Lungless Salamanders’ Skin Expresses Protein Crucial for Lung Function

January 30, 2019
Lungless Salamander by Dave Huth on Flickr

Scientists have long assumed that the hundreds of species of salamanders that lack lungs breathe instead through their skin and the lining of the mouth. However, a new study in Proceedings of the Royal Society B led by postdoc Zachary Lewis (Hanken Lab) and Prof. Jim Hanken provides the first concrete evidence for how the lungless salamanders do "breathe".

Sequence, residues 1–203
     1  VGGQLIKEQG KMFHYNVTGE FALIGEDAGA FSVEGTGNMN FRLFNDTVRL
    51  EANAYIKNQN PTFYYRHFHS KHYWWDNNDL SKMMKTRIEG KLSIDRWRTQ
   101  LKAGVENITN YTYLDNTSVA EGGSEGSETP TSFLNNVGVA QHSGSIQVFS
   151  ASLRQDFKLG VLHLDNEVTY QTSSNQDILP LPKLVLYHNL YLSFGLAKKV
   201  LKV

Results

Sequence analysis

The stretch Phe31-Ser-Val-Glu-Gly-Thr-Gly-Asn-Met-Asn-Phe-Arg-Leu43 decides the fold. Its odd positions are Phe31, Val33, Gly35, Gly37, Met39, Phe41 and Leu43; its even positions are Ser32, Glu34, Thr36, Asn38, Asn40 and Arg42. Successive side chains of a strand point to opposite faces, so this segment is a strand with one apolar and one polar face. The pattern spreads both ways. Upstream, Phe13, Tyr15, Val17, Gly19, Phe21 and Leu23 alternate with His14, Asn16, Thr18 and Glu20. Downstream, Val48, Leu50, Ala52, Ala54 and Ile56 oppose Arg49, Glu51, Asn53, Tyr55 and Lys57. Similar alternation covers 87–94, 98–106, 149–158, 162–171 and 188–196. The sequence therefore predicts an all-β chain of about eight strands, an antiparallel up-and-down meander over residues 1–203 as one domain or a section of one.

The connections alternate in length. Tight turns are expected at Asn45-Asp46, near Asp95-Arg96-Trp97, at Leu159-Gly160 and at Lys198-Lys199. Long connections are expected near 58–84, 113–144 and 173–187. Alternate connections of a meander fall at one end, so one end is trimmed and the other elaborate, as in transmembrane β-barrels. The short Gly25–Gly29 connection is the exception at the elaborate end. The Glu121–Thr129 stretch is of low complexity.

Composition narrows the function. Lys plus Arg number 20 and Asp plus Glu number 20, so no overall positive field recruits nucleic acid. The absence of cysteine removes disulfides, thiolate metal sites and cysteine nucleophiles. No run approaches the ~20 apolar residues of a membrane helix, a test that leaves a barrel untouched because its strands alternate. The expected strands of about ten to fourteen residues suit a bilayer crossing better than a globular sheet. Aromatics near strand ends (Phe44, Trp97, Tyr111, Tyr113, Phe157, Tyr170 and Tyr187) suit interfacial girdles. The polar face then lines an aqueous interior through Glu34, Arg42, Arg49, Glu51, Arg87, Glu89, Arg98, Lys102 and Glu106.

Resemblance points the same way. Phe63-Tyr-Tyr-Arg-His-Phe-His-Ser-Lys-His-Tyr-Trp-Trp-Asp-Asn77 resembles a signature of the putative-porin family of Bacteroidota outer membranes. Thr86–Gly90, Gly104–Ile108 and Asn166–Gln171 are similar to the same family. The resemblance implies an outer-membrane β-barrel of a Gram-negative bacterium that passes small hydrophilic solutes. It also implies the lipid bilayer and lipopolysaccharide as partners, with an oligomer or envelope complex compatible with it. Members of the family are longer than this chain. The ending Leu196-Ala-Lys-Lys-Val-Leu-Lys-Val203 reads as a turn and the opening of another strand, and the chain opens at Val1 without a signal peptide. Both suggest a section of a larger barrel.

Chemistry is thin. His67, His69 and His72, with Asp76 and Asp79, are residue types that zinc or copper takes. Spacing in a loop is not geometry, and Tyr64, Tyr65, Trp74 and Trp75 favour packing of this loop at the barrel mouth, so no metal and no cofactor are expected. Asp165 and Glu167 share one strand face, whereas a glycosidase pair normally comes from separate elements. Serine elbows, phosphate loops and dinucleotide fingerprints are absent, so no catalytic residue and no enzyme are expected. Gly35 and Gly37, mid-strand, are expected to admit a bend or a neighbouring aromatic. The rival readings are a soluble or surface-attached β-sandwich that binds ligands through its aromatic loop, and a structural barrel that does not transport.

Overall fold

The authors, including former Harvard Extension School student Jorge Dorantes, shows that a gene that produces surfactant protein c — a key protein for lung function — is expressed in the skin and mouths of lungless salamanders, suggesting it also plays an important role for cutaneous respiration. Harvard Gazette

Image: Lungless Salamander by Dave Huth on Flickr